Once the spellbinding summer house of a man who saw his fortune from manufacturing paper shirt collars rise and fall, William Lockwood’s Swiss-Gothic manor today is a diamond in the suburban sprawl, writes Kristin E. Holmes for Philly.com.
With a Sheraton across the road and a Home Depot next door, this 6,522-square-foot grand mansion of peaked roofs and arched windows, evocative of the Adams Family, will be put up for auction on April 21st.
The minimum bid set for the East Whiteland Township property 1868 is $250,000, truly a small price to pay for an important piece of Chester County history. However, as the property gets ready to welcome its new owner, its admirers worry for its future.
“What tends to happen with sites like these is that because they are outside the city, they are viewed as only locally significant, when that’s not true,” commented Aaron Wunsch, an Assistant Professor of Historic Preservation at the University of Pennsylvania. “This house is regionally significant, and we are losing the interesting big suburban houses of that period.”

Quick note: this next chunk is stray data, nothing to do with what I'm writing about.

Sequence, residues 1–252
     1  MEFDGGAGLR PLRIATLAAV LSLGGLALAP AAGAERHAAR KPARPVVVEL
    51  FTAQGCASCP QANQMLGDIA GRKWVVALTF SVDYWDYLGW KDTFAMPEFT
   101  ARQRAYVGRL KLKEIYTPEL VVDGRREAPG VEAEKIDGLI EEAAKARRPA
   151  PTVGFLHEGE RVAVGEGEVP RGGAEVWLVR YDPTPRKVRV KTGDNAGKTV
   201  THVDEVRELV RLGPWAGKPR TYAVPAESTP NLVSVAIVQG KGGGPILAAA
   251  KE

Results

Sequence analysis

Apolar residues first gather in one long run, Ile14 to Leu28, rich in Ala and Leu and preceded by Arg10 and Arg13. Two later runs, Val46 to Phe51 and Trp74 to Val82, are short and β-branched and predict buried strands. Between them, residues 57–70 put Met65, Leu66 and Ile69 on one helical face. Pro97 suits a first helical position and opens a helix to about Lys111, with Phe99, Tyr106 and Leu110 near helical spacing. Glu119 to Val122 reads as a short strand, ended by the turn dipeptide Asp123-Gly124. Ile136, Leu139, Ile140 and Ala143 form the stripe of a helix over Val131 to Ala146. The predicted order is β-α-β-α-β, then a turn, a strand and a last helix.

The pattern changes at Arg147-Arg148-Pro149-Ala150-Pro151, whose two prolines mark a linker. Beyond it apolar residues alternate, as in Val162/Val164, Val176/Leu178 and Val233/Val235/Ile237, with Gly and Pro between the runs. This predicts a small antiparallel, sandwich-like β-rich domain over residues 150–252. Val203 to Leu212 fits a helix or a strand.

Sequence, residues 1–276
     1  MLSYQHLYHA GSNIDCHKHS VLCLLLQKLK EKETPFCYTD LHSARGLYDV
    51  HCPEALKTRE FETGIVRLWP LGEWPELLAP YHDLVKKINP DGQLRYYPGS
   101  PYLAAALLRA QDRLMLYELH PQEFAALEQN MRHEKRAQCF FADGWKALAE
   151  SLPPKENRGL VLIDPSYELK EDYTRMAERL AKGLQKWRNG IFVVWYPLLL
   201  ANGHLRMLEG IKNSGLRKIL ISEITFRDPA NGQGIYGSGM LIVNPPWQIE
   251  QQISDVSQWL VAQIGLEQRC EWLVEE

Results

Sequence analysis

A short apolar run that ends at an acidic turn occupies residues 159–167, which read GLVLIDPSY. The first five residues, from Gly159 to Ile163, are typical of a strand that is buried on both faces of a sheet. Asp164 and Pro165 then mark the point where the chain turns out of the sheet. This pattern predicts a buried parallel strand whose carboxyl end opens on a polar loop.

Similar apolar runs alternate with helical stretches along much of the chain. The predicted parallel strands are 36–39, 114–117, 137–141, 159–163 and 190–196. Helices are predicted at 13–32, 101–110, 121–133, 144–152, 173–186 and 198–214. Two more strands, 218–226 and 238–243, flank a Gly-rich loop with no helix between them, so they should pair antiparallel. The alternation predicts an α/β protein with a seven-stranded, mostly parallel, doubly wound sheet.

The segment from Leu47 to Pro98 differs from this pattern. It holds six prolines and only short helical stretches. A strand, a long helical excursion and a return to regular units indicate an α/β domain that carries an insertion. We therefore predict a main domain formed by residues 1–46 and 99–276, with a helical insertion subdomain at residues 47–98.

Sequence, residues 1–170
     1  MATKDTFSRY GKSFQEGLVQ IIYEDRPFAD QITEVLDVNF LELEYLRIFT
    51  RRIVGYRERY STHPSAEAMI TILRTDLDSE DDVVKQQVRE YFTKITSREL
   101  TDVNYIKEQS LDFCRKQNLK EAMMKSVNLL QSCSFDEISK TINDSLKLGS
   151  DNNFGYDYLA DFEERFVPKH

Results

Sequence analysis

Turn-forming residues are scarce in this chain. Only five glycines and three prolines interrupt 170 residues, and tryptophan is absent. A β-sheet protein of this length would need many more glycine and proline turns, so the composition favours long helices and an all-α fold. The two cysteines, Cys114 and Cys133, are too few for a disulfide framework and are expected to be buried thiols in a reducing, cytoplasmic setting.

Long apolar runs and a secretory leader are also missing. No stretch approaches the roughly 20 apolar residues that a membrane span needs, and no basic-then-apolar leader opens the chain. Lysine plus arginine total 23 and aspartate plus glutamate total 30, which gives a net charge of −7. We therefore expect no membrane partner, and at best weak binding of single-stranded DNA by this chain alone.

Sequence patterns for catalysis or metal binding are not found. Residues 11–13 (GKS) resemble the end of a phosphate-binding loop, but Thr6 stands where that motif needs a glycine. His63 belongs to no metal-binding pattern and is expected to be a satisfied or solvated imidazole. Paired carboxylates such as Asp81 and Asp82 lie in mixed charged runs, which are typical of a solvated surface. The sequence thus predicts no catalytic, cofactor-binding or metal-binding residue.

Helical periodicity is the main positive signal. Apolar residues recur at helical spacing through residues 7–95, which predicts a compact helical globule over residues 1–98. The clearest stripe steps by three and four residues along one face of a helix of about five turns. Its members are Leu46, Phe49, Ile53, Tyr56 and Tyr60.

Several other historic mansions have already been lost, among them the Bryn Mawr mansion by renowned resort architect Addison Mizner, which was demolished in 2009. Some have avoided the same fate due to intense preservation efforts.
Timothy Caban, Chairman of the East Whiteland Township Historical Commission, who has vowed that the property will be demolished over his “dead body,” also pointed out that the auction represents a good opportunity for Loch Aerie to find new life as over 100 people toured the premises during the pre-auction viewings.
Also, despite refusing an over $600,000 offer for the house several years ago, the Tabas family which owns the house, has said they will accept the starting price for the sale of the property.
During the historical commission meeting held on Wednesday, members suggested either a bed-and-breakfast or an office complex may be the best options for the property. Chester County historian Eugene DiOrio raised the possibility of a house museum.
Read more about the turbulent history of Loch Aerie on Philly.com here.